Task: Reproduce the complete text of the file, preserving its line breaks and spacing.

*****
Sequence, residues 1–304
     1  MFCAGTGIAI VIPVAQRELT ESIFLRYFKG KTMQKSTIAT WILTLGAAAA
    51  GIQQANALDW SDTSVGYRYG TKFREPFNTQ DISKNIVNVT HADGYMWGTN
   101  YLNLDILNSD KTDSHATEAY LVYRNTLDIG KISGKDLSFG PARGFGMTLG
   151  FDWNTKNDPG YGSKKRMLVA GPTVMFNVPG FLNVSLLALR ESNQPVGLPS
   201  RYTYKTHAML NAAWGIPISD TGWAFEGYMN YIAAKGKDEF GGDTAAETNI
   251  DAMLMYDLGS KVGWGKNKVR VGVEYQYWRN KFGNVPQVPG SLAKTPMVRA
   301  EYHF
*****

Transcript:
Sequence, residues 1–304
     1  MFCAGTGIAI VIPVAQRELT ESIFLRYFKG KTMQKSTIAT WILTLGAAAA
    51  GIQQANALDW SDTSVGYRYG TKFREPFNTQ DISKNIVNVT HADGYMWGTN
   101  YLNLDILNSD KTDSHATEAY LVYRNTLDIG KISGKDLSFG PARGFGMTLG
   151  FDWNTKNDPG YGSKKRMLVA GPTVMFNVPG FLNVSLLALR ESNQPVGLPS
   201  RYTYKTHAML NAAWGIPISD TGWAFEGYMN YIAAKGKDEF GGDTAAETNI
   251  DAMLMYDLGS KVGWGKNKVR VGVEYQYWRN KFGNVPQVPG SLAKTPMVRA
   301  EYHF